"I thought DePaul valued the small-college experience," she said.
Minogue and Staley stressed that DePaul would keep Barat open until June 2005, allowing students who enrolled there before the alliance to complete their degrees at the Lake Forest campus. DePaul will also open a "transition resource center" to help other Barat students explore academic options. Those students will be able to complete their degrees without penalty to scholarships, financial aid or academic progress, DePaul officials said.
Beyond June 2005, the future of the campus on the east side of Lake Forest is unclear.
Barat operates under a special permit on land zoned for 1.5-acre residential lots, city officials said. The Old Main building is listed on the National Register of Historic Places, and any changes to the property would have to be approved by the city or its Historic Preservation Commission.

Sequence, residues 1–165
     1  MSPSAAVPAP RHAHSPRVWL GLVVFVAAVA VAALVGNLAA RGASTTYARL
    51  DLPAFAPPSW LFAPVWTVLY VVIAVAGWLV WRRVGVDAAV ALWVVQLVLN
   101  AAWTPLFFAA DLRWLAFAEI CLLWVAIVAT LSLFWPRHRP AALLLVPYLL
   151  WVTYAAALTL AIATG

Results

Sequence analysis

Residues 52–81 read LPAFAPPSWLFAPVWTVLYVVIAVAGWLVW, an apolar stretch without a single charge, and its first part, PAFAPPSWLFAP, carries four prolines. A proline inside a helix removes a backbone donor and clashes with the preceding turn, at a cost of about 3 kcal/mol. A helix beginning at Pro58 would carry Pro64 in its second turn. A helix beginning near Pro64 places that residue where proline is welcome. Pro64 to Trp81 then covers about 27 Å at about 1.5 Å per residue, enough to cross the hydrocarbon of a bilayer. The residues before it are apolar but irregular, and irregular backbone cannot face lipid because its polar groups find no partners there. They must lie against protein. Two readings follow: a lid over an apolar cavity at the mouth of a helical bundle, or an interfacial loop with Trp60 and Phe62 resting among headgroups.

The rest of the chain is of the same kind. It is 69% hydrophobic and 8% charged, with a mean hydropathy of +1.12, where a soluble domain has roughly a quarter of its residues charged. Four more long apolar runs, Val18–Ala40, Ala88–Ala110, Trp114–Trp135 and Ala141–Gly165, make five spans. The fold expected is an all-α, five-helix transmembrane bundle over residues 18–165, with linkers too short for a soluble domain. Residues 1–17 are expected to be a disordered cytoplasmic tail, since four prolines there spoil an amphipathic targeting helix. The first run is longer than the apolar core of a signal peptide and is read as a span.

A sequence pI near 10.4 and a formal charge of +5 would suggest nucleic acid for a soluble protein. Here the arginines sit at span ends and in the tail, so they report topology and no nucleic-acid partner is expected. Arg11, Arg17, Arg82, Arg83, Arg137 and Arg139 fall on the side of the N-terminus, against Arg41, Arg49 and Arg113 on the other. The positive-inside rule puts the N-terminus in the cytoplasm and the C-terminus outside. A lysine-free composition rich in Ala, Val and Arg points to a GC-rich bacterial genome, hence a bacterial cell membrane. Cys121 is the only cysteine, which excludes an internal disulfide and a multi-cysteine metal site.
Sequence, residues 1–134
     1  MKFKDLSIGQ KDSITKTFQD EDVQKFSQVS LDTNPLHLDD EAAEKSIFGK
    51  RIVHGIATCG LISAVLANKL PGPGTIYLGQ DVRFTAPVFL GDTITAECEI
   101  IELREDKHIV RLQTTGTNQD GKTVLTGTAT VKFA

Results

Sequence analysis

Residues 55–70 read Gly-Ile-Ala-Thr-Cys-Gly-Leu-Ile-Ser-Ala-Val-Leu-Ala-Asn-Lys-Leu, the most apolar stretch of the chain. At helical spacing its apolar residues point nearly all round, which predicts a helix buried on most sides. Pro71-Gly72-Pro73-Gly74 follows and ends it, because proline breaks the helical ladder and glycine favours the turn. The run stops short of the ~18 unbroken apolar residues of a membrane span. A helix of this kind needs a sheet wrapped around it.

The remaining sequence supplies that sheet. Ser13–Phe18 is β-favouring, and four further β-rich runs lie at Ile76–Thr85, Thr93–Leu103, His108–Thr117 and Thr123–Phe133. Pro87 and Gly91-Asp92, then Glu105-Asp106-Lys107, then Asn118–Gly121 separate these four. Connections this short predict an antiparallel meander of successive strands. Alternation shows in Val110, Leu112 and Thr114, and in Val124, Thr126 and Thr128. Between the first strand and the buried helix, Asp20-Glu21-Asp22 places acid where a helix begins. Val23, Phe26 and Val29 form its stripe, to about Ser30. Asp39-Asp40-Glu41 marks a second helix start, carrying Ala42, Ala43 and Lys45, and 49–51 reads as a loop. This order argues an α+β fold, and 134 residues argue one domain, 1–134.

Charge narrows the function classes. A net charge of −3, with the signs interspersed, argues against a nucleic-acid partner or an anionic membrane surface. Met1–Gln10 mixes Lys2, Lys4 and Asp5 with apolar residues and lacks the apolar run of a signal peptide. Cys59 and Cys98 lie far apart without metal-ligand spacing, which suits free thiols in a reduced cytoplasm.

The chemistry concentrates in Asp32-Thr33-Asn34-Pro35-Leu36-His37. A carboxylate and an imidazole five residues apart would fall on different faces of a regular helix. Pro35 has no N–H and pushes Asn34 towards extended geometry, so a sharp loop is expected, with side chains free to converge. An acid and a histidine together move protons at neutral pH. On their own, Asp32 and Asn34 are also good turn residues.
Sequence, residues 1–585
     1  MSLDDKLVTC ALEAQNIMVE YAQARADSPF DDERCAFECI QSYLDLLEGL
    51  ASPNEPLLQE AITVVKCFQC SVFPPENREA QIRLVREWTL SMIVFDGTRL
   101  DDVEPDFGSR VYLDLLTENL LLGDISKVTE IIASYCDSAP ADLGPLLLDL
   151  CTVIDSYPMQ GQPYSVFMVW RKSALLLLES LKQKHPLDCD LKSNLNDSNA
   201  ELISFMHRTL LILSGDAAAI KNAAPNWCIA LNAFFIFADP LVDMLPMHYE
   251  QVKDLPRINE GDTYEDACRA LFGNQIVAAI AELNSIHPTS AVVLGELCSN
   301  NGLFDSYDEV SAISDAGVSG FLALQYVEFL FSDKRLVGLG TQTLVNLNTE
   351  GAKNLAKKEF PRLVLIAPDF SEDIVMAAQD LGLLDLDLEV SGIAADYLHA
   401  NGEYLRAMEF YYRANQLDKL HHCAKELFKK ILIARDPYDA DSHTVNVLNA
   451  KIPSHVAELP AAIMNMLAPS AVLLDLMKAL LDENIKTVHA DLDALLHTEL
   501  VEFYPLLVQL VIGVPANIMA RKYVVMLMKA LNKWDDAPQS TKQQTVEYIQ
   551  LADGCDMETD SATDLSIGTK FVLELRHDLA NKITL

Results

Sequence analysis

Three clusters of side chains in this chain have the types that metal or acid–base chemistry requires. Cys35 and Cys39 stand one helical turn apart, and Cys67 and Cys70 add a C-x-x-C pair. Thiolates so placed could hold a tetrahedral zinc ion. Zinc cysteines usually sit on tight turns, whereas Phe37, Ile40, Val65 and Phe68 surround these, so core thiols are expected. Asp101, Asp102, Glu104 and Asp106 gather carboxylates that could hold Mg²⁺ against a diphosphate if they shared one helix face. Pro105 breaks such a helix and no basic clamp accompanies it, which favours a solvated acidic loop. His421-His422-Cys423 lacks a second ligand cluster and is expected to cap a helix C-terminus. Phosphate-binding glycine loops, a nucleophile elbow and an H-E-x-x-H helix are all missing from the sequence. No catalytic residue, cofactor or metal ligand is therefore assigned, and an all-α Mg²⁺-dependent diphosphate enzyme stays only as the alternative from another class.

"We're going to work with the City of Lake Forest," Staley said. "We've had conversations with them, and we're partners to do something with Lake Forest that really works."
Staley said that although DePaul owns the Barat property, the Barat Education Foundation, a non-profit organization that controls the small endowment, has the right to match any offer DePaul might receive for the property if it decides to sell.
Trustee Sheila Smith, Barat Education Foundation chairman and DePaul trustee, said the foundation is attempting to find a partner to keep Barat operating as a school.
"We have every intention of pursuing interested parties," said Smith, who said the foundation has assets of about $4 million. "We've already started discussions with other not-for-profits and for-profits that want to be in Lake County."